• “But something is going to win in the end. At some point, media will look much more like Netflix or much more like Facebook.”

Public Apologies (Listen)

  • The Liam Neeson Example – If you missed the news, here’s the story
    • Essentially, Liam had a friend who was raped, and according to him – he then entered a murderous state of mind where he was walking around with a “cosh” (a metal club) looking for a black guy to kill (because his friend had been raped by a black guy)
      • Liam had said that if it had been an Italian, or a Japanese guy, he’d be “looking for one of them”
  • “We need to think through the whole process of redemption for people in our society. We need to understand what the criteria are for successful apologies and forgiveness.” – Sam
    • ‘We need to talk about how people can redeem themselves once something this unsavory is revealed about their past – whether they reveal it or it’s found out about them”
    • Sam brings up how Kara Swisher publicly apologized for her comment on the Covington Catholic High School scenario – which he approved of
  • Sam’s thoughts:
    • “It [the apology] has to show, intelligibly, how you are different from the person who committed that thing”

Why is outrage more in season than ever before?

  • “It’s recreational” – Joe
  • “It has a lot to do with Twitter and social media” – Sam
    • People just didn’t have the opportunity to do this before
  • Everyone just wants their opinion to be heard (Joe)
  • “I just think this world is going to get more and more intrusive – this is just the beginning.” – Joe
  • “I try to communicate with people the same way online as I would if they were right in front of me” – Joe
  • Joe thinks the norm in which we engage on social media is flavored by two things:
    • The immediacy of it, and the fact that you don’t experience another person’s anger/sadness/fear when you say something hurtful
    • The anonymity – thus people are more likely to say hurtful things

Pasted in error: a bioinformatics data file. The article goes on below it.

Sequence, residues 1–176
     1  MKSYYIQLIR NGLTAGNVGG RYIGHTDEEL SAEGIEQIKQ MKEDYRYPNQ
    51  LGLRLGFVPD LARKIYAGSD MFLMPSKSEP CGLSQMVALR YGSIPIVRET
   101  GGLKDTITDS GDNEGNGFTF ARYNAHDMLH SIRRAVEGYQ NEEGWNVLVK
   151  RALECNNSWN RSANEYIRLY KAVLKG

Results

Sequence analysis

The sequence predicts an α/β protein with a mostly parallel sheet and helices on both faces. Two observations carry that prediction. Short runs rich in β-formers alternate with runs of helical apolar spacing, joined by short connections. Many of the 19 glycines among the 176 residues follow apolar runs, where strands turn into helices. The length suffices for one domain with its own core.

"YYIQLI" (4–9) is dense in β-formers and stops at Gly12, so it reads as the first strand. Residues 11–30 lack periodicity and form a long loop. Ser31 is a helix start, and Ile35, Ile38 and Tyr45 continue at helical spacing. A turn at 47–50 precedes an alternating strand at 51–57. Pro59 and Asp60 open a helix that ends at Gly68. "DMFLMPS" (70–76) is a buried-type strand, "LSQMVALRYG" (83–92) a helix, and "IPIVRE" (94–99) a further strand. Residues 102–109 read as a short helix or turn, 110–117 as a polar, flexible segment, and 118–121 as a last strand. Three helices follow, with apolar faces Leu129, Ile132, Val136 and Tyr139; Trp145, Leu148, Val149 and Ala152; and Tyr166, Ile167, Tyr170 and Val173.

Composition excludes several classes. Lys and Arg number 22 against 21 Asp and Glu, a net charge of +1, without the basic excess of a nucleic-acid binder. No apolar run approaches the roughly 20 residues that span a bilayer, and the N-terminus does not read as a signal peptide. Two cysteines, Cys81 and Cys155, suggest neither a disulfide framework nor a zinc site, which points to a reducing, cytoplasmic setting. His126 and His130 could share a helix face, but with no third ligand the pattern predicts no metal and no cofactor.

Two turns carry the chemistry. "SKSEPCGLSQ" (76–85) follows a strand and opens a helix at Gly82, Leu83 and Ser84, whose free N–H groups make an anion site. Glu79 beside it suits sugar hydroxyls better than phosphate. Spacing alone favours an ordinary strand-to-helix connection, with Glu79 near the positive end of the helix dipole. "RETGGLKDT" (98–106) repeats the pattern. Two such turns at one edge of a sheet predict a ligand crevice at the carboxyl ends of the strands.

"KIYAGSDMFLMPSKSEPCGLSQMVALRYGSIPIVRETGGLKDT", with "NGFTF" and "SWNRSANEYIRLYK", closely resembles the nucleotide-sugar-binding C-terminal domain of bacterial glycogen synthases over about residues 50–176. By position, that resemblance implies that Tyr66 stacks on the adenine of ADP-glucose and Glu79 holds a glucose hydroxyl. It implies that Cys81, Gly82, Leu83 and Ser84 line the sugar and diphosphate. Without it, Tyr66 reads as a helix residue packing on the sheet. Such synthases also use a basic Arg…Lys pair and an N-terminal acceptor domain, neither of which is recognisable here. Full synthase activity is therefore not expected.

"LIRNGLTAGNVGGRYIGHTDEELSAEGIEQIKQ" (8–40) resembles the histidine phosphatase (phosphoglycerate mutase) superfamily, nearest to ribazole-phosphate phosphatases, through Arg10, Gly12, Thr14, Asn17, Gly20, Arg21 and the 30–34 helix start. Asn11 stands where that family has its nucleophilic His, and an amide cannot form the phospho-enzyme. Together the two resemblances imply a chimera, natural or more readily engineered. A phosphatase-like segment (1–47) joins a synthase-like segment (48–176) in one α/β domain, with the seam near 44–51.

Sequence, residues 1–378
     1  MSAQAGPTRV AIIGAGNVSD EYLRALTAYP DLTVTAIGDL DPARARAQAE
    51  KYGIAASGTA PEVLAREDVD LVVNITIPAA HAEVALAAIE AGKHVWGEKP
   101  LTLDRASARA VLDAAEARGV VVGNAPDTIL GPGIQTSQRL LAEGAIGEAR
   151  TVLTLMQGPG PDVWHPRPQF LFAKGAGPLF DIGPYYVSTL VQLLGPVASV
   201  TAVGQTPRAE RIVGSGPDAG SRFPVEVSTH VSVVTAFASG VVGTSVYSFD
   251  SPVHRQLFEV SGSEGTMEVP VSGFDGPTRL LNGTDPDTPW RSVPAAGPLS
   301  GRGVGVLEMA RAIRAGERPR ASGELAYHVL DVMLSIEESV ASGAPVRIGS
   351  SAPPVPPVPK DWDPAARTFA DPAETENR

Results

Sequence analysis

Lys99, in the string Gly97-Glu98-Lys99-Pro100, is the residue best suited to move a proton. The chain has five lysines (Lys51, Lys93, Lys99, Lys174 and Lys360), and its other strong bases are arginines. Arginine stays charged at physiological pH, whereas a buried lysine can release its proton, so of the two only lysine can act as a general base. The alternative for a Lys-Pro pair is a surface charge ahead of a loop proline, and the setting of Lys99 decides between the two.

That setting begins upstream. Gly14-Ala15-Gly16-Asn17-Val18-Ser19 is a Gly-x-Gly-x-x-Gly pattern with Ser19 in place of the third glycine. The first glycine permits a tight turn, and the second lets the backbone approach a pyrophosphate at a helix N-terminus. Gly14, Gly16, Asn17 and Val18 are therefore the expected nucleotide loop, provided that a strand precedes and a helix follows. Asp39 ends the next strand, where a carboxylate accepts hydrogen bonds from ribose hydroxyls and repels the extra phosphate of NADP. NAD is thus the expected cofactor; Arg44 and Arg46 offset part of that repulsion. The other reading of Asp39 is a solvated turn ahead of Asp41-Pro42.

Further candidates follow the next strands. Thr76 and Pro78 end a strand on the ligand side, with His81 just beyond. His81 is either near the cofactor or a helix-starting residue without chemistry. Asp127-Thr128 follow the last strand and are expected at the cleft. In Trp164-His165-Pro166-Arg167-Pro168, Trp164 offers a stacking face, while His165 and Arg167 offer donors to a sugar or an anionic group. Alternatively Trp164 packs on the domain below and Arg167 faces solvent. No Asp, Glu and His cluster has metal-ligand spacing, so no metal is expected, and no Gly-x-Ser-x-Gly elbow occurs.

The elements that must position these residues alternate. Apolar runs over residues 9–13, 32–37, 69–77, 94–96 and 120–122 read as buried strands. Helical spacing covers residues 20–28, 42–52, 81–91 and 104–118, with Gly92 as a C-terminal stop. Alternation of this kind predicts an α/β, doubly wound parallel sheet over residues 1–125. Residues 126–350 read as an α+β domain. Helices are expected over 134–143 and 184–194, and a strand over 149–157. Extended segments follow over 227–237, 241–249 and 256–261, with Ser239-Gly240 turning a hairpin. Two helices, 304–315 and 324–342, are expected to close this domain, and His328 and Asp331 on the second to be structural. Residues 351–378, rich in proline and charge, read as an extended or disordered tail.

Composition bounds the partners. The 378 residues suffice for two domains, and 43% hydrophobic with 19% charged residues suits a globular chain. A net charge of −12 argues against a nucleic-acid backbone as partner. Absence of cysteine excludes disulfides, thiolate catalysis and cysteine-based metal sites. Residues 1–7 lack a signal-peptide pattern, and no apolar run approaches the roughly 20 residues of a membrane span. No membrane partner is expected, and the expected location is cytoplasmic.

• “Anonymity encourages less hospitable behavior”

Sam’s Meditation App

  • “Releasing this meditation app has given me a sanity check on everything else I’m doing”
    • “In my view, a meditation app on your phone is the one thing you can have on your smartphone that completely subverts the technology and gets you to live a more examined life”
    • Sam says it’s probably the only thing he’s ever put out where it’s been received exactly as he intended

The 2020 Election

  • “I’m worried that we could totally blow it with some leftist uprising” – Sam
  • Sam says of Tulsi Gabbard – “It seems like she isn’t making the right noises on Syria and Assad”
    • “I would be very circumspect about endorsing her going forward. Do a little homework.”
  • Both Joe and Sam agree Elizabeth Warren’s candidacy is done with after the whole DNA test fiasco
    • Joe says he’s 1.6% African (so he’s much more African than she is Native American)

What has caused identity politics to reach the “boiling point” that it’s at now?

  • Sam thinks it’s largely what the internet is doing to us 
    • There’s the silhou effect
    • There’s also the effect that groups become more radicalized because the most extreme voices seem to pop up more
      • “It only takes a small percentage of extreme voices to overtake the rest of the group, and make it seem like the extreme voices are speaking for the group”

Free Will